Harvey Cushing – A life in surgery – A Review (Day -266)

Dr Harvey Cushing - A Life in Surgery

As the first biography I have ever read cover to cover this book was absolutely gripping with me wanting to find out what happened next.

Many people may have heard of Cushings Syndrome or Disease which is where the pituitary gland often has a tumour which increases the amount of hormone released from it. This increased secretions has a big effect on the rest of the body and was defined by Dr Harvey Cushing. However in addition to this Dr Cushing was also the founder of modern brain surgery.

Back in 1887 when Cushing looked to train as a surgeon there was no such thing as neurosurgery – actually there were no requirements other than money for the fees to get into medical school. The medical schools were run by practicing doctors from the local area that did it to supplement their income. Surgery back then however was only an emergency last attempt – there was no elective surgery – and when it happened the odds of the patient surviving were tiny. Not just from the actual surgery itself which was often only amputations but from the infections that occurred afterwards.

Dr Cushing started his studies at Yale before moving to Harvard and in 1896 was planning to travel to Europe to study when instead he was offered a place to study with Dr Halsted at the new John Hopkins Hospital after being initially denied. Learning from Dr Halsted the techniques of haemostasis, good surgical dissection and aseptic surgery.

When the skull was opened here the patient in most cases suffered from something called fungus cerebri which is infection of the brain. In 2016 there are neurosurgeons that have had entire careers without seeing such a thing. This is largely thanks to the careful use of aseptic technique that Dr Cushing had learned from Dr Halsted.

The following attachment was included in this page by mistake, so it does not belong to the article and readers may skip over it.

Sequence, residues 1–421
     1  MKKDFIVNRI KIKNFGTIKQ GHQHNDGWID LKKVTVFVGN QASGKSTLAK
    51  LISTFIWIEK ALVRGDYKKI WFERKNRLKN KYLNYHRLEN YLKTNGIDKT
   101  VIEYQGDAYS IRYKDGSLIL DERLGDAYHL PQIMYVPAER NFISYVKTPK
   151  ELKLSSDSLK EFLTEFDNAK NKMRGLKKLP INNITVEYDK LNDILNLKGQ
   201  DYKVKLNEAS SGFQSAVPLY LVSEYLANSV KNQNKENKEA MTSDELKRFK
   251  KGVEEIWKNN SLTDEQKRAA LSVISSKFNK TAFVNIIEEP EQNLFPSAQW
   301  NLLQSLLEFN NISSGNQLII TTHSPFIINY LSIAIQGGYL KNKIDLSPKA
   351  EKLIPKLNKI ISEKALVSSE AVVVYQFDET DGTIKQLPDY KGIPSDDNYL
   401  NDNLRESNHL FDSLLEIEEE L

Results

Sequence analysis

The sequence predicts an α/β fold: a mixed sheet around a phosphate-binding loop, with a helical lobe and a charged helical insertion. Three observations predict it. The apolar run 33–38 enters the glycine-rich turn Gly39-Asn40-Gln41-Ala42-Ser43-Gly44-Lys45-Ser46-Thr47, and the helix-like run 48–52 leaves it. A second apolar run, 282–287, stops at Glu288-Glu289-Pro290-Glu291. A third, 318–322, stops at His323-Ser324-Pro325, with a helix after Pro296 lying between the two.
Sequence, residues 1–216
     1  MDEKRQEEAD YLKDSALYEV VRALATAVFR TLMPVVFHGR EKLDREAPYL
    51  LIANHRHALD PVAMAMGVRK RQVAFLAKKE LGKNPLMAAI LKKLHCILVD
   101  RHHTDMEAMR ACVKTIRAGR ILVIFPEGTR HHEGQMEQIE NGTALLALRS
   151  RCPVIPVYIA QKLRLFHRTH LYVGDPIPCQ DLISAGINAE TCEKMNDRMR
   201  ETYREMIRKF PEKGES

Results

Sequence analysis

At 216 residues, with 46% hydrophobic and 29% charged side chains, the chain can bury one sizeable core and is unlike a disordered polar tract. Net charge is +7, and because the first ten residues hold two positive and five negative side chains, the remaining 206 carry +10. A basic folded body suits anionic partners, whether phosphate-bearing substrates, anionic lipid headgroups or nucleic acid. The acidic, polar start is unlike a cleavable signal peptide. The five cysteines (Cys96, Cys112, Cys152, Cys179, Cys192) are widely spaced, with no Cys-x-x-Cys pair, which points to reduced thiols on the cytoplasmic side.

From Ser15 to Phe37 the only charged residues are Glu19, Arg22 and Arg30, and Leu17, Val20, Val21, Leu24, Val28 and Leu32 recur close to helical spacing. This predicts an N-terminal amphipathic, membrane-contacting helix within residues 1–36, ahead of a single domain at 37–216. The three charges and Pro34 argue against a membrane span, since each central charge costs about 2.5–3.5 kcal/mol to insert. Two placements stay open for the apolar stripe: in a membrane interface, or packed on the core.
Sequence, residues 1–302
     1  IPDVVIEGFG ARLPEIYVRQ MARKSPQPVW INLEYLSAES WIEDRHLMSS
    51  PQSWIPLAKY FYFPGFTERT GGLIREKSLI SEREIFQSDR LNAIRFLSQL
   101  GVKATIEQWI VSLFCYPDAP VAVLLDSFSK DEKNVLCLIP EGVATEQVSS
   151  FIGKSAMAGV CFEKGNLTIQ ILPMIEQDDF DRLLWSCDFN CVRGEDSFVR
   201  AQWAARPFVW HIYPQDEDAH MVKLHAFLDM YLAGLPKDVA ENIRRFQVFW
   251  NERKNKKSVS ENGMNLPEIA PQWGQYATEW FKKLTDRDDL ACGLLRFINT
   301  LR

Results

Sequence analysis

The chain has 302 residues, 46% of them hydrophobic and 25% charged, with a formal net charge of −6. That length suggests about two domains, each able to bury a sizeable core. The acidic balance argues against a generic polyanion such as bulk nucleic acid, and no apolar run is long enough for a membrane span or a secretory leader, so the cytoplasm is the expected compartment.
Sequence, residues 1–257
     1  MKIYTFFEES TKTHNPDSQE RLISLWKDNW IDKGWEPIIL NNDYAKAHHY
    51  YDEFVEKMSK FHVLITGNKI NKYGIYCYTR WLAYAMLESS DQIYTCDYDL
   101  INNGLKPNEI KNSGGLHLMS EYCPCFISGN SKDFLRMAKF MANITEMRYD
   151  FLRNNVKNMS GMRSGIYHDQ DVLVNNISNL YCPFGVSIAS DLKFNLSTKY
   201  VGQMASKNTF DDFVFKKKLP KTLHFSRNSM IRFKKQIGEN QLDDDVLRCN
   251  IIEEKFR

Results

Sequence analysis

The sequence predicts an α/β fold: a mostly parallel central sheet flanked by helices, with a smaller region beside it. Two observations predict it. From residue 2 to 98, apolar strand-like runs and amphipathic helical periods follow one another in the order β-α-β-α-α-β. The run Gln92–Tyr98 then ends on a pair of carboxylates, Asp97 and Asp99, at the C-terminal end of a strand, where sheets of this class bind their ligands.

Something that really interested me was the use of dogs within the surgery training courses at these medical schools. Initially they started as just using dogs for trying out new techniques, then for the training of new surgeons, however these training centres evolved into the first veterinary hospitals with human doctors treating dogs for surgical diseases not treated before. Some of the research that evolved from dogs has been instrumental in developing modern neurosurgery.

For example the Cushing reflex which says that when the pressure inside the skull raises, then the blood pressure will rise as well to compensate and keep the brain oxygenated. Dr Cushing investigated this by opening a dogs skull and replacing a section with glass so that he could see the vessels of the brain as he increased the pressure in the skull. He noticed that as he increased the pressure the vessels initially became compressed, however then the blood pressure of the body increased to force blood back into these brain vessels.

The thing that Dr Cushing is most known for however is that of Cushings syndrome or disease which is where a tumour on the pituitary gland at the base of the brain causes excess hormone release into the rest of the body causing clinical signs. Dr Cushing did a range of experiments here both on dogs and with human patients looking for a way to treat those suffering from acromegaly which is increased growth. At the time the function of the pituitary gland was unknown, so this work was ground breaking.

I would highly recommend that anyone interested in the history of surgery reads this book.